How to Deal with Post-Race Disappointment
Don’t dwell on a bad run — get back on the horse and train (smartly) for the next one.
Photo via Jupiterimages/Brand X Pictures/Thinkstock
This past weekend, I had a very disappointing race. It wasn’t the worst I’ve ever run, but at the time, it sure felt like it. I was disappointed in my time for one thing (and the fact that I missed winning $300 by one second), but mostly, I was unhappy with the effort I’d put into it. I’d settled into a comfortable pace in the middle of the race and saved too much energy for the end. When I finished, all I could do was dwell on these negative aspects of the race. I sulked during my cool down jog and on the whole ride home. Since then though, with a little time to reflect, I’ve been able to put it all in a better perspective. The thing is, we all have subpar and even really bad days, but they needn’t be more than bumps in the road, and if you learn to take them the right way, they can even be learning experiences.
Although they can be difficult to remember in the heat of the moment, here are some tips I’ve come up with after 20 years of competitive running:
1. Don’t rush your cool down. Pro runners will often jog lightly for 10 t0 20 minutes immediately after a race to help stimulate recovery, which is a great idea. But often, after a bad race, they’ll push too hard during this cool down — all the emotion and desire to prove they can do better compels them to push the pace and relive all the disappointment. This just leads to greater fatigue and potentially injuries that will hamper future races. The cool down should be exactly that, a time to jog and let the body (and temper) cool down. Don’t run too far or too fast. There are plenty more days to run long and hard.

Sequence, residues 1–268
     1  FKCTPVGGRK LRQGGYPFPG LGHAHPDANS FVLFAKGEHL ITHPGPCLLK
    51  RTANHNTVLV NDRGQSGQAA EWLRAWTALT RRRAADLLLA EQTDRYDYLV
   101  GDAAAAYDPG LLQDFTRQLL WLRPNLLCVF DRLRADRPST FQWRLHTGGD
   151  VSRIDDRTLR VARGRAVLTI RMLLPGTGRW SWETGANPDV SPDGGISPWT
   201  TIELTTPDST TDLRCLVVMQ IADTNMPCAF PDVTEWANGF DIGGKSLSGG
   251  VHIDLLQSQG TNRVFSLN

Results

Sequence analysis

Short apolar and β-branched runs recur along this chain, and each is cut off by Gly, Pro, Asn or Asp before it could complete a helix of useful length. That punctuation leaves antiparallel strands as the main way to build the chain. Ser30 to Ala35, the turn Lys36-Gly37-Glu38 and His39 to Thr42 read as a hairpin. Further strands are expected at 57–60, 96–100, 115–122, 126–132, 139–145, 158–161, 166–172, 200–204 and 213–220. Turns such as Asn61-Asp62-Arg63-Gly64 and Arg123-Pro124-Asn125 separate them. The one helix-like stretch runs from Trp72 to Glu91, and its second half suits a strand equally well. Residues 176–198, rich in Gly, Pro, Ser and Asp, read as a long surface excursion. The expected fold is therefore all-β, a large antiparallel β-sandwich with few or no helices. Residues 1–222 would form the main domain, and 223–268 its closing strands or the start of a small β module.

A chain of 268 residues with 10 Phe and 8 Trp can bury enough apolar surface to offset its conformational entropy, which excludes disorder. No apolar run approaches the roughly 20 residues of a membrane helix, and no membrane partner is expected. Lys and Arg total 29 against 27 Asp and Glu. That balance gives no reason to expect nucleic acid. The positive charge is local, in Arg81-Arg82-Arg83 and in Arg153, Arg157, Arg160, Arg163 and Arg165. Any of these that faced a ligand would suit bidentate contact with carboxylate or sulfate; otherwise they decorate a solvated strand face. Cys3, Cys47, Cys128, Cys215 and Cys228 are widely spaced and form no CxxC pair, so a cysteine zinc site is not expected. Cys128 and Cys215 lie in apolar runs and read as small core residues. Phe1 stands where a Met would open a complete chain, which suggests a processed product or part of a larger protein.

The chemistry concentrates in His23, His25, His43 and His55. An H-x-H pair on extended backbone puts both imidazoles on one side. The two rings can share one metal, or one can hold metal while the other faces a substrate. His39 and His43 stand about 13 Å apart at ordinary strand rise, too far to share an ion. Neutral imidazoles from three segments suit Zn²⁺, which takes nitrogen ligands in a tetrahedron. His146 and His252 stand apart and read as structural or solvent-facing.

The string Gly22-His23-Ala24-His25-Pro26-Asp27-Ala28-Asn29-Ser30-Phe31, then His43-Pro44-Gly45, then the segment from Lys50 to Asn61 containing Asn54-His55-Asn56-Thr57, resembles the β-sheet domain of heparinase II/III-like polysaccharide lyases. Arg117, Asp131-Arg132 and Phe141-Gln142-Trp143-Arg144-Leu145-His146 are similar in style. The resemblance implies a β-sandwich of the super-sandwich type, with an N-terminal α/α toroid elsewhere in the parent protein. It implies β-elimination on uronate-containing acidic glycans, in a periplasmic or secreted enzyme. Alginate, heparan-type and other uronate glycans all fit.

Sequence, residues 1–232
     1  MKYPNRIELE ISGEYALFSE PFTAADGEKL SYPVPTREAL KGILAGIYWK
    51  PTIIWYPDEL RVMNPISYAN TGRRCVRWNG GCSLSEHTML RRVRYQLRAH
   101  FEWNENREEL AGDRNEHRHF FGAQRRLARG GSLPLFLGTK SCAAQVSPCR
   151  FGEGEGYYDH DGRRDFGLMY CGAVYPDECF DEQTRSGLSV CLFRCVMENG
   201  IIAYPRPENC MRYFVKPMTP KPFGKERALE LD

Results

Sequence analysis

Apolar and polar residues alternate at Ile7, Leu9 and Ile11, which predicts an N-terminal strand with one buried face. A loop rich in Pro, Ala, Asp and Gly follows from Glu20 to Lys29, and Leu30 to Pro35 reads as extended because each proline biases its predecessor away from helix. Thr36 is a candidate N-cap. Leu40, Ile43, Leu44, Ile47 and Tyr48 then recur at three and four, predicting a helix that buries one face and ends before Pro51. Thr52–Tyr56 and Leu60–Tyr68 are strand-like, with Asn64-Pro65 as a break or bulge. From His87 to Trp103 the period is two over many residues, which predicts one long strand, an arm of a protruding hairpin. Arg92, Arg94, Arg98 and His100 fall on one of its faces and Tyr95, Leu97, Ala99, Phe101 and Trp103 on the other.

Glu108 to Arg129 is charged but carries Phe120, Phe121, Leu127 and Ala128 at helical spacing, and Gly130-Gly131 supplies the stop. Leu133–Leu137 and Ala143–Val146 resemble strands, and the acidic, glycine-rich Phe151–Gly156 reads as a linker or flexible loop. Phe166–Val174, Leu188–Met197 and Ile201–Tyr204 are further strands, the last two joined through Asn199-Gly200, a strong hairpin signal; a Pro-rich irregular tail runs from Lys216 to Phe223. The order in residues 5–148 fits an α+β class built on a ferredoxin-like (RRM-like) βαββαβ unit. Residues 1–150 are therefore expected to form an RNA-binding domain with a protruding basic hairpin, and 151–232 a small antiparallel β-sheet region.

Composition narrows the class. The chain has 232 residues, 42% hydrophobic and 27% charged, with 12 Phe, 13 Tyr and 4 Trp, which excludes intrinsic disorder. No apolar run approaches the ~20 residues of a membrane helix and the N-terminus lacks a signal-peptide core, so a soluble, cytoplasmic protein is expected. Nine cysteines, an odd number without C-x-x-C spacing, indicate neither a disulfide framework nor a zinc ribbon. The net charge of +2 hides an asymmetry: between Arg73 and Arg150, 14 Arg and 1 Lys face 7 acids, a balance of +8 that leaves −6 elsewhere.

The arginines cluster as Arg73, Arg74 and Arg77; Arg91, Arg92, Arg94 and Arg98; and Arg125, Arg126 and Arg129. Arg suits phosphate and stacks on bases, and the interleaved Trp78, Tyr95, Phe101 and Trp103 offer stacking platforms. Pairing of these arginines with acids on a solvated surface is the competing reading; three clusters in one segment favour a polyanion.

2. Don’t over-train. It’s easy to get discouraged after a poor run and think you just need to train harder to get in better shape. This usually just leads to fatigue and staleness, which in turn leads to yet more poor performances in future races. I’ve seen people get into long cycles of bad races interspersed with over-training — and the worst thing about it is that they’re working so hard to run very poorly.
3. Evaluate your training program. Wait a few days or even a week before evaluating your training program. The passing of time will drain away the emotions, allowing for objective assessment of your training. Sometimes a bad day is just a bad day. Consider the weather you’d run in (hot, cold, humid, windy, etc.), the course (lots of turns can slow you down even on a flat course), a lack of sleep, poor nutrition, an illness, or just a fluke. Then consider your strengths and weaknesses in training and in the race. If you were breathing hard, but your legs felt great, you might need more tempo runs or long intervals with short rest. If your legs were tired, but your breathing was fine, then maybe you need a more varied training plan or better recovery plan (more sleep, better eating, slower runs on your easy days). A tricky one is if you didn’t have a good finishing sprint. Sometimes that has to do with not enough speed, but in the majority of cases, I’ve actually found it to be an indication of too little endurance: you were just too tired at the end to sprint at full speed. If you don’t feel comfortable assessing your own training, you can ask a friend, join a running club, or hire a running coach.
4. Get on with it. After the initial frustration, followed by the calm assessment, the only thing left to do is get back on the horse. Go for some easy runs, then start your training program back up. I don’t recommend racing the next weekend, but put another race on your calender. If you just did a 5k or 10k, you can race again within two to three weeks. If you raced a half-marathon you might need a month or more to be fully recovered and ready for peak performance. In the case of a marathon, you probably want to wait three to six months to be fully ready, or you risk continuing a cycle of poor performances. The good news is that you can do some shorter races to stay motivated in the meantime.
I hope this helps put a bad day in perspective. I know I’m feeling better. I’m going to do some moderate intervals today and you’ll see me back at the races in a couple weeks.